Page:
April 20th, 2011
03:56 PM ET
Between the tributes, books, a major motion picture and even FBI file dumps, a lot has been said about the late rapper Christopher "Notorious B.I.G." Wallace, but The FADER magazine is aiming to put a fresh spin on the conversation with its Icon issue.
Instead of focusing on Wallace's 1997 death, the publicly played East coast/West coast battle or the drama surrounding it, the issue opts to celebrate his life, says FADER Media's co-founder Rob Stone, who worked alongside the artist as an Arista Records exec.
“My memories of Big are really [of] this young guy trying to make it, who had a talent that was probably unequivocal on any level that’s ever been seen. He just had an innate ability to rhyme and to tell a story, and… I wanted to focus on the greatness of him and the impact he’s had on people’s lives.”
At least 50 percent of the issue is dedicated to Wallace, Stone says, and offers never-before-seen photos of the artist (including some from photographer Jonathan Mannion), an essay from Andrew Noz on his musical legacy, artwork depicting his lyrics and stories from those who knew him best, like Sean "Diddy" Combs on how he feels now when he hears one of Wallace's records.
For Stone, one of the greatest pieces in the issue takes the reader back to the time Wallace first met Tupac. "It talks about them as two young guys and a bunch of friends hanging out and playing around," Stone describes. "It shows the humanity of Big [and] the similarities between them.”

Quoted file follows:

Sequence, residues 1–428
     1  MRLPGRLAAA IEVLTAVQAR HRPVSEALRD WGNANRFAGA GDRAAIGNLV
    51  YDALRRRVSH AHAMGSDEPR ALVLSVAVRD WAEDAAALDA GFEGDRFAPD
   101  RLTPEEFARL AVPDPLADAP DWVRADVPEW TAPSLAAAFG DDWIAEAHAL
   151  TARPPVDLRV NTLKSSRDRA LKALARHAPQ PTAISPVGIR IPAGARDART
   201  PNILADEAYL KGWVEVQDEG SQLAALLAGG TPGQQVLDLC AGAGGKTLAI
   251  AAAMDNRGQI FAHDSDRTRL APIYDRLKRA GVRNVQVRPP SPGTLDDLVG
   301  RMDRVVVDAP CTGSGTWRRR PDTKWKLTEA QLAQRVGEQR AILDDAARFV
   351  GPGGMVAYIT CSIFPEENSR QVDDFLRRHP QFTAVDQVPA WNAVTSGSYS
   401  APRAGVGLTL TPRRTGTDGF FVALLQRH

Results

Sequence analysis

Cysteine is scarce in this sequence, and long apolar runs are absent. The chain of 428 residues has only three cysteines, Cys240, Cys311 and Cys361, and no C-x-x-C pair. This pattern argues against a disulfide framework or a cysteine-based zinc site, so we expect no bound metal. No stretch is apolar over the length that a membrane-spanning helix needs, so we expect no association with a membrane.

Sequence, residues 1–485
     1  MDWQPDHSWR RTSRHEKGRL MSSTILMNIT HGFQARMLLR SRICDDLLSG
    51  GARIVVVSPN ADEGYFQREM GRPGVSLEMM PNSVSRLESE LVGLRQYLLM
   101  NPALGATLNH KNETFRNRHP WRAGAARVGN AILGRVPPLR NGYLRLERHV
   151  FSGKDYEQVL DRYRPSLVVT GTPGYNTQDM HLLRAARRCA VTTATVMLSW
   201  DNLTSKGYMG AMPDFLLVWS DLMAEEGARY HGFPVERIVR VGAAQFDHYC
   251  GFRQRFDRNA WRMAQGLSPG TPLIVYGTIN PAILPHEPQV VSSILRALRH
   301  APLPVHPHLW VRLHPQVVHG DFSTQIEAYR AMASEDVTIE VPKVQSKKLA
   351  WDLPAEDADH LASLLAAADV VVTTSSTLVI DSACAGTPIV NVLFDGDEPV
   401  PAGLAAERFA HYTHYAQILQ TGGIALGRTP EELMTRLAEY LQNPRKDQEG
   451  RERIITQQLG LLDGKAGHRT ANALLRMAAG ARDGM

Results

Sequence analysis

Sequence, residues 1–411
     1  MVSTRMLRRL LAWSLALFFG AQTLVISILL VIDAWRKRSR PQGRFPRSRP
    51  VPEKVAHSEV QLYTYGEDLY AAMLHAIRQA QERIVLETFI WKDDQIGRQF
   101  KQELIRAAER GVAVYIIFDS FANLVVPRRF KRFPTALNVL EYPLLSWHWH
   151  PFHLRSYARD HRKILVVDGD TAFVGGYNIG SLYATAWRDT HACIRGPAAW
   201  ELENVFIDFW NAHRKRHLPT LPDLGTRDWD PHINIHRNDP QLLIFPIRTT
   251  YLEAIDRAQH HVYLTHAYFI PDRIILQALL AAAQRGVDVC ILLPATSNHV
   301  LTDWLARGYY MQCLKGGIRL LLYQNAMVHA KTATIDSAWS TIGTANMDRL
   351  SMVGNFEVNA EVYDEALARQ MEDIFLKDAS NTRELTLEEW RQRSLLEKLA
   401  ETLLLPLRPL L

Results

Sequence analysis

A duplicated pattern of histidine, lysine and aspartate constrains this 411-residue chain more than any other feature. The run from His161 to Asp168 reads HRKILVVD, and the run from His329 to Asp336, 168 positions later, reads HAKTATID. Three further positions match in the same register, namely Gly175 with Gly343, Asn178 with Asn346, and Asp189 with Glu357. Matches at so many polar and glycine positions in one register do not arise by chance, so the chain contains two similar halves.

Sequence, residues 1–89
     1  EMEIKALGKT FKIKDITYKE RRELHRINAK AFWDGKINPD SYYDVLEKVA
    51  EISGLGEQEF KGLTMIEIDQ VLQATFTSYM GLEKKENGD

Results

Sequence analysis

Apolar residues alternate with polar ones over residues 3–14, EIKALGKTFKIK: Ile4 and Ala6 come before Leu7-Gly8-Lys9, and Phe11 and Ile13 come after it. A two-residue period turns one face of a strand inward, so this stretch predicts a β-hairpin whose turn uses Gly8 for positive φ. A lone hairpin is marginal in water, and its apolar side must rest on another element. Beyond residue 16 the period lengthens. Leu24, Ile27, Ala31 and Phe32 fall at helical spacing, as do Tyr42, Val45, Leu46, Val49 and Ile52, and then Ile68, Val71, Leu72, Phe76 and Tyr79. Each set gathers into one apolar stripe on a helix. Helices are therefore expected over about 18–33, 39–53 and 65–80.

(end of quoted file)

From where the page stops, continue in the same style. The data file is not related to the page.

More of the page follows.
In the end, that was the goal of FADER's issue: to offer a glimpse of Wallace as a young man as well as a star.
"We’re talking about an icon, and everyone always thinks of Big as this big persona who tackled the hip-hop world and was this mega superstar, but he was just a regular guy," Stone notes. "The people close to him got to see the comedian and the guy who loved to laugh...We went to people like that [for this issue], people who had firsthand stories that had never been heard before.”
That includes Stone himself, who recalls what it was like to hear "Ready to Die" for the first time, and watch as Wallace went from an unknown to a superstar. He was also more than a lyricist, Stone notes, adding that it's something we'd have been able to see more of if he'd lived.
“I remember conversations with him where he talked about the clothing line he wanted to start, and how he wanted to improve Brooklyn and the community,” the FADER founder says. “I truly believe he would’ve gone on to be a great leader for our generation, and not just from a hip-hop/street perspective. And Tupac as well – there was a lot more to Tupac and Biggie than just rhymes.”
The Icon issue of the FADER arrives on newsstands May 3.
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